I am no great fan of the Roman Catholic Church when it comes to its anti-gay and anti-women positions and 12th century derived dogma. But I do have to confess that I may find some great entertainment from Pope Francis' visit if he flings some bombshells at the Republican Party agenda which is more or less the antithesis of the Church's social gospel message. And apparently, some in the GOP are fearful that Francis may indeed throw some bombshells at the GOP's policies even if he doesn't pillory the GOP by name. Articles in both Vanity Fair and Politicususa look at the GOP apprehension. First, here are highlights from Vanity Fair:
The piece in Politicususa continues the theme:
New Jersey governor and presidential candidate Chris Christie had no problem disagreeing with the head of his church.
“I just think the Pope is wrong,” Christie said during an appearance on CNN's State of the Union, when asked about Pope Francis’s Cuba policy. The pontiff, who arrives in the U.S. for his first papal visit this week, was a key figure in the re-establishing of diplomatic ties between America and Cuba, a move that infuriated American conservatives and placed Christie, a Catholic, in an awkward spot.
“The fact is that his infallibility is on religious matters, not on political ones,” Christie said. He’s not the only one grappling with his faith in this unusual way: upon learning that Francis plans to dedicate a great portion of his upcoming congressional address to the topics of global warming and income inequality, the Catholic half of the Republican presidential field likely suffered low-grade anxiety attacks.
In a normal election cycle, with a more traditional Pope, these politicians would fall over themselves to get a photo with the Pontiff. But Francis's papacy, which also includes secretly brokering a thaw in U.S.-Cuba relations, has led to a new phenomenon: Catholic Republican presidential candidates opposing the Pope on issues, as his statements draw favor with American liberals and moderates but remain anathema to the positions held by the self-proclaimed party of faith.
“What’s different this time around is that you have a Pope who’s emphasizing issues that generally play to Democratic strengths,” said Stephen White, a fellow at the Ethics and Public Policy Center, adding that, at the very least, the G.O.P. had advance warning to brace themselves.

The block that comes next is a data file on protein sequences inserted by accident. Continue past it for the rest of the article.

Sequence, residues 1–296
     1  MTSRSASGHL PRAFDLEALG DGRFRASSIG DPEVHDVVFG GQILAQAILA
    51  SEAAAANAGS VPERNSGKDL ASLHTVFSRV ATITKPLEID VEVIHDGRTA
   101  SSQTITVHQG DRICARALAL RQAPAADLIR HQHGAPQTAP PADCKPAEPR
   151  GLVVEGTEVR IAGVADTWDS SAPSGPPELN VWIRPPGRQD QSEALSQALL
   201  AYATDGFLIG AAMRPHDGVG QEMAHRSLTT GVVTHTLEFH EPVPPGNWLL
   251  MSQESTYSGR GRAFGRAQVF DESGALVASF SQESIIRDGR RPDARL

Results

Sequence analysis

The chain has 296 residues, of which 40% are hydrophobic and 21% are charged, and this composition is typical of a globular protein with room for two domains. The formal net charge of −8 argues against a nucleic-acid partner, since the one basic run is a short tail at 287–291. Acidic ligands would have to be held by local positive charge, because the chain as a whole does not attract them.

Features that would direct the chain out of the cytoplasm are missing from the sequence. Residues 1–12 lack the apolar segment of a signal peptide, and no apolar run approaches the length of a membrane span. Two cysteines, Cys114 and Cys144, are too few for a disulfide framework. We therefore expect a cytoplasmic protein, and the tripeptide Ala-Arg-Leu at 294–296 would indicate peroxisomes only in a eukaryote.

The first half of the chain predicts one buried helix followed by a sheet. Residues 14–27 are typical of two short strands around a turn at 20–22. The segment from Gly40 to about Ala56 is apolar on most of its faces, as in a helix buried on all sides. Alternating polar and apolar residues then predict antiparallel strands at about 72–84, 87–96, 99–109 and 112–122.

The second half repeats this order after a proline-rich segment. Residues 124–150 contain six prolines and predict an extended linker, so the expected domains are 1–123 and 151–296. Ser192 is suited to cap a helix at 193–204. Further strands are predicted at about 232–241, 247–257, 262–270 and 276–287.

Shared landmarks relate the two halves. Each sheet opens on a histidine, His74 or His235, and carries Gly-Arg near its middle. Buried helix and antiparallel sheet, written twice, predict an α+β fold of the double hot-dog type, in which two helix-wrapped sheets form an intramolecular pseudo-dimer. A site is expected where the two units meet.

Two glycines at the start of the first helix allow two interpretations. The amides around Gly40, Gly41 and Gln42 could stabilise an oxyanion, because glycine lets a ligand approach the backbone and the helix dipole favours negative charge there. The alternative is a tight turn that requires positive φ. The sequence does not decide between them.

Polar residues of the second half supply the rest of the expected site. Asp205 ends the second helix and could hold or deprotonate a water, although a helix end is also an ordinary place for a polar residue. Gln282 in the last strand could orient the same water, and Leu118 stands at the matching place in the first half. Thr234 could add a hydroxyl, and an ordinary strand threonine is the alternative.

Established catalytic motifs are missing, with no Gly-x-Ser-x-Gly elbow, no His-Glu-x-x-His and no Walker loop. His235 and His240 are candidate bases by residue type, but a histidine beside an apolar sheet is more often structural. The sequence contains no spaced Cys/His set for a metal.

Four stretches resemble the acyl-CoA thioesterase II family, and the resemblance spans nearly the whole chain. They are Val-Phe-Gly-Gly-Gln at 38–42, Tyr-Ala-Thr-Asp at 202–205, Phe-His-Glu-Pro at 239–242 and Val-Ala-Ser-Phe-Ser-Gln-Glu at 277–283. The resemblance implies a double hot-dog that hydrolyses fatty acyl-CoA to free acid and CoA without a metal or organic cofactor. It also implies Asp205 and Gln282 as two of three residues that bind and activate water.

“You have a Pope who talks about climate change. You have a Pope who really, really emphasizes care for the poor,” White said. “You have a Pope who speaks often about being open and welcoming of immigrants, and that doesn’t look really good for the G.O.P.”
Steven Krueger from the nonprofit group Catholic Democrats sees the Pope’s visit as an opportunity for Democrats to win back the consideration of white, moderate Catholics.
The piece in Politicususa continues the theme:
Since 1964, when what we now think of the Religious Right set out to take over the Republican Party, the line between religion and politics have become increasingly blurred on the Right. We have seen conservative Christian theology legislated into law with damning frequency, whether it is related to abortion or contraception or marriage, or any of a number of other areas.
So when Indiana Republican Sen. Dan Coats says of the pope’s address to Congress Thursday, “I’m always concerned about those who are bringing spiritual messages that step too far over the line in terms of political issues,” you have to laugh. Republicans have no shame when it comes to utterances like this.Coats thinks Pope Francis should not be able to say the sorts of things Evangelicals say every day. Republicans like Coats want Pope Francis to stay out of politics, even though Evangelicals not only cross the line every day into politics, but control a major political party.Apparently, only Republicans can speak for God, even when the pope is in town.The pope has really riled up Republicans since he began to address the threat of climate change. After all, hell hath no fury like a Republican whose income is threatened. Never forget these men are not employed by the American people; their real employees are the fossil fuel industry.“I think it’s totally inappropriate that the pope is weighing in on all the real sensitive, far-left issues,” Oklahoma Republican Sen. James Inhofe said.
What is amusing is that Inhofe can insist the pope remain silent on “far-left issues.” If he was saying there was no climate change, Inhofe would be urging him to speak up. If Pope Francis was a big supporter of capitalism, Inhofe would be beside himself with joy.I think in a court of law that would be hearsay. The only relevant part of that statement is that Inhofe is against it. I’m not a Catholic either, and I think it’s great. Unlike Republicans from Donald Trump to Ted Cruz to Ben Carson, the pope is not running for elected office in the United States.
Vulture capitalism, slashing the social safety net, fanning income inequality, praising greed and avarice, disparaging the poor, etc., are virtues in today's GOP. I bet Pope Francis has a differing view.